Tuesday, August 17, 2010


I feel like it's only been a short time since I wrote the entry "six"... and yet here we are a year later. At "seven".

Dear Jaime,

Seven years. I think back on the me that you knew seven years ago and I can only hope that you are able to see who I am now. You would have been so proud of me. I'm getting back up on the stage, doing the thing we both loved best. You would actually be phenomenal in the show I'm in now... it's such a wacky comedy, full of the physical humor and comic timing you excelled at. I'm also mother to the most beautiful baby girl... you would adore her. I wish she could know you.

I still think about you all the time. Joe and I went to Vegas last week and we saw street performers in the Venetian and as always those silly human statues had me caught in a place between smiling and wanting to cry. I'm going to the beach this weekend and, while it's thankfully so much less painful to walk to the point now, I still find myself walking towards the houses more often than not. It's just a little easier that way. I'm also hoping to re-set the piece I choreographed for you in 2003 this year on some of my amazing students. Since it was my first real work of choreography I feel like I can make some changes to make it even better now... a better testament to what an inspiration you were in life... and how painful it was to lose you.

My life is very full at this point... I'm turning 26 next month and I feel like I'm exactly where I hoped I would be. My family is happy and always a joy to be with, Joe is working hard and supporting me and keeping us both laughing, Laine is healthy and happy and such a pleasure to be around, and I have found fulfillment through community theatre (which I'm sure you can relate to) and a job surrounded by exceedingly talented kids. But know that you are missed. Maybe not as constantly and achingly as you once were... but I think that's a good thing. But you are, and will always be, a hand print on my heart. I love you.


Thursday, August 5, 2010


Laine is good at many things. Drooling, for one. Throwing pacifiers out through the slats of her crib, for another. But if I had to name one I'd say that her greatest skill is making friends. Waiting in line at the grocery store (or Target, her fave), she'll tilt her head to the side so far it is almost resting on the handlebar of the cart and offer up her sweetest, two-toothed smile to the little old lady behind us. Or at a restaurant, she'll wave her slobbery-Puff covered fist in the air and coo at the couple dining near us until they have no choice but to engage her in conversation. My favorite (and a surefire winner) is when we're talking to someone unfamiliar while I'm holding her and she'll drop her head onto my shoulder and look up, batting her baby blues from under long eyelashes, pretending to the delight of the onlooker that she is meek and shy. She's got mad skills.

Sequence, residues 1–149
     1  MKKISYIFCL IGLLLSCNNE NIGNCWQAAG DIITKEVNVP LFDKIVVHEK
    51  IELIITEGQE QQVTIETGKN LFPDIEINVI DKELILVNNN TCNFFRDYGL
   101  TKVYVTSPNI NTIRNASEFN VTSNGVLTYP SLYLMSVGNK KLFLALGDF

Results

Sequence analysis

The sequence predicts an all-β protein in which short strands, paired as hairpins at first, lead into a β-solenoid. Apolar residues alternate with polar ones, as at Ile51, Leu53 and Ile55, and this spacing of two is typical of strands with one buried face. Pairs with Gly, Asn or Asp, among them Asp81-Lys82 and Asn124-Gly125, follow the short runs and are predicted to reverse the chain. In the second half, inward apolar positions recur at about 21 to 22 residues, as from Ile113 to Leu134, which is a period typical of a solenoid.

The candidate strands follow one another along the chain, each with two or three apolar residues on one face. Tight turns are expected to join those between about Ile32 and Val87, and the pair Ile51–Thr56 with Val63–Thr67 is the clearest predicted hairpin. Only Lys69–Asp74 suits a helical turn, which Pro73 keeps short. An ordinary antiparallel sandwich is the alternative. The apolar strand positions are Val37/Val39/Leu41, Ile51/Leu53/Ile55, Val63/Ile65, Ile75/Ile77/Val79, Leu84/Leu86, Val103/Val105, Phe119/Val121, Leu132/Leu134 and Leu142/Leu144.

She was on her A-game the other afternoon when we visited the children's section of the Athens public library. As soon as I put her down, she crawled her way over to a group of kids sitting on a bench, sat back on her little padded behind, and grinned up at them charmingly. Fortunately for her, they were more than receptive. The coo-ed and aww-ed at her, showering her with chewed up baby books and worn out stuffed animals. She had them wrapped around her finger... especially the oldest girl, a self-proclaimed "expert at babies".

"You know what I love about babies? How they grab onto your shirt when you hold them. I bet she does that, doesn't she? They all do, you know," she said, holding her youngest sister on her lap and trying to pry a board book out of Laine's mouth. "And they like to chew on things. But this is a library book, so I won't let her."

Laine was amazed at this smaller-than-normal human. She gazed up at her, turning on the charm full force. Baby Expert scooped her up onto her lap and tried to read to her, fighting to keep the book out of Laine's fists and mouth.

"You should take her over to the doll house. Babies love dolls houses. Actually, I'll take her. Cause she might try to put stuff in her mouth again, right?

"Yep, probably."

"OK, well I'll keep an eye on her. You should look at the parenting books. They have a lot. And some of the books you can listen to in the car, which she might like. Especially fairy tales. Babies like fairy tales."

I was still stuck on the suggestion that I check out some parenting books. Clearly I was not yet to "expert" level and could use the guidance.

"They have board games too," she informed me while Laine gnawed on the dollhouse roof like a baby beaver. "Does she play board games? You could probably help her. There's one about Goodnight Moon, which you've probably heard of. She would like that. Babies like Goodnight Moon."

"Yes, we've read that one quite a few times."

"Well, you should get the game then. Babies like games."

I scooped Laine up, juggling our library books in the other arm, coaxing her to tell her new friend "bye-bye" ("Babies like to wave bye-bye, don't they?") and making for the exit, Baby Expert tagging along behind us.

"You should come back more," she said behind me. "This is a good place for babies to make friends. I've made lots of friends here when I come."

I think Laine has met her match.